We also assessed expression of the angiogenic HoxD3 gene. Similar to HoxA3, levels of Hox D3 peaked by day 3 in culture and then declined as cells matured (Fig. 5A). We also assessed expression of the HoxD3 target gene Integrin β3 and observed that its expression paralleled that of HoxD3 (Fig. 5B). To evaluate whether the expression of integrin b3 in differentiating ECs was dependent upon the appearance of HoxD3, we knocked down HoxD3 expression in Day 0 cultures using siRNA. RT-PCR analysis of Day3 cultures revealed a marked reduction in HoxD3 mRNA in siRNA treated cells and a corresponding loss of integrin β3 mRNA levels at this timepoint (Fig. 5C).

Figure 5
Early expression pro-angiogenic HoxD3 and integrin β3 in double-positive cells (Flk-1+/VE-Cadherin+) during EC differentiation. Histograms show mRNA levels of HoxD3 (A) and its target gene integrin β3 (B) in sorted double positive (Flk-1 ...

Finally, in unsorted, mixed cell populations, the expression levels of HoxD3 and HoxA3 peaked at later time points (Sup. Fig. 2), suggesting that the early temporal activation of these Hox genes is cell-type specific.

Expression of Hox genes linked to mature EC phenotype occurs at later stages of ESC differentiation.

In contrast to angiogenic ECs, which express HoxD3 and HoxA3, mature quiescent adult ECs predominantly express HoxA5 and Hox D10, which help to maintain a differentiated, stable phenotype.20,25,26,32 To determine if expression levels of HoxA5 and/or HoxD10 increased over time in differentiating ECs, we performed real-time PCR in double-positive (Flk-1+/VE-Cadherin+) cells at various time points. We observed that expression of both HoxD10 and HoxA5 (Fig. 6A and C) were significantly upregulated as early as day 3, but in contrast to HoxA3 and D3, expression continued to rise over time in culture and was dramatically increased at day 18 in culture. In unsorted, mixed cell populations, the expression levels of HoxD10 peaked at day 9 and declined at later time points (Sup. Fig. 3), again suggesting that later peak in expression of these Hox genes is cell-type specific.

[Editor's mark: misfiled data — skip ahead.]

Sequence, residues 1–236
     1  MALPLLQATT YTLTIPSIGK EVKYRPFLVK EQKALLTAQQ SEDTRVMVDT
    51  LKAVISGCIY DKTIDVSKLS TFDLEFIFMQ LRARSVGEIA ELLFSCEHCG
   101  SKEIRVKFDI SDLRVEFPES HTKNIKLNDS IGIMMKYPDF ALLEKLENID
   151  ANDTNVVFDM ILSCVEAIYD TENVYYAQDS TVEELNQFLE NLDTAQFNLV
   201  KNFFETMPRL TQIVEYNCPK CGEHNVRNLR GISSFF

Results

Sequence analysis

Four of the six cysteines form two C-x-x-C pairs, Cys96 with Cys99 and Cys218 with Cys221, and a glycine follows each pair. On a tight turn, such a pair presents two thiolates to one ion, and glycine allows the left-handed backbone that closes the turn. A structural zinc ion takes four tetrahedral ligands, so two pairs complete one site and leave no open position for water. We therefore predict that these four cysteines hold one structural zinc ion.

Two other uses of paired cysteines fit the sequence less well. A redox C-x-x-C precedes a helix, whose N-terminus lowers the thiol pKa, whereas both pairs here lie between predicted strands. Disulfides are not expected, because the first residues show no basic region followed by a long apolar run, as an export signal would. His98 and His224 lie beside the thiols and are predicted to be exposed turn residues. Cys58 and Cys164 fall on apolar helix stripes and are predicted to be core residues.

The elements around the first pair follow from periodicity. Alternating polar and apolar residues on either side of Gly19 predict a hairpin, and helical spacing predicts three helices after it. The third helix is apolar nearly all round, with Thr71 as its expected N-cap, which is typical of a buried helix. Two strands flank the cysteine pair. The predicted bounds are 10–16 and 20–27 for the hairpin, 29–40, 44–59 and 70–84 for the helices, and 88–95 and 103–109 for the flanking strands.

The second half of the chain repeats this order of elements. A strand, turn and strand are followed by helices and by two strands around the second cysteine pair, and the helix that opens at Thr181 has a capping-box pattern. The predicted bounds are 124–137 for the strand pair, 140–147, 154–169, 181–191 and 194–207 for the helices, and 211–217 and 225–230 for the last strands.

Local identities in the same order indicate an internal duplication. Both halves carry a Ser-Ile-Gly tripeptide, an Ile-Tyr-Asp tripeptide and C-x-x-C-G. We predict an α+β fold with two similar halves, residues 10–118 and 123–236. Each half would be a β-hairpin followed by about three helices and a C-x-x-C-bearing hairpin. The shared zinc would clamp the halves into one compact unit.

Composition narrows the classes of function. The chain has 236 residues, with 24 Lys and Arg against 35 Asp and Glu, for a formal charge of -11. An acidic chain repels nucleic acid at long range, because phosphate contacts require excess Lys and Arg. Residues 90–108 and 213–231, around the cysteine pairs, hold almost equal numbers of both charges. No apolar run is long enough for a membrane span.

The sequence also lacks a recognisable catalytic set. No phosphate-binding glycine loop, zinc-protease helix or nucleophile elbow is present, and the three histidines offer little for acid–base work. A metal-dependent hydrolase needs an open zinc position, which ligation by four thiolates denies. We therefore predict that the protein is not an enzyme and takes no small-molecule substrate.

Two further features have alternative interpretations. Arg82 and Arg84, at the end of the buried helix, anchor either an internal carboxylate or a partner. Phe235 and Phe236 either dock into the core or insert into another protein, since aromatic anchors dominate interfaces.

Figure 6
Delayed expression of Hox genes linked to maturation of EC phenotype during EC differentiation. Histograms show relative mRNA expression of Hox D10 (A) and Hox A5 (C), and respective target genes MMP14 (B) and Thrombospondin-2 (D), in sorted cells double-positive ...

We also examined expression of HoxD10 and HoxA5 downstream targets. We observed that as HoxD10 levels increased between Day 9 at Day 18, expression of MMP-14 which is downregulated by HoxD10 in mature EC20 began to decline between Day 9 and Day 18 (p = 0.056) (Fig. 6B). As levels of HoxA5 increased, we noted a parallel increase in expression of its putative target, TSP-2 whose expression reached maximum levels at day 18 (Fig. 6D).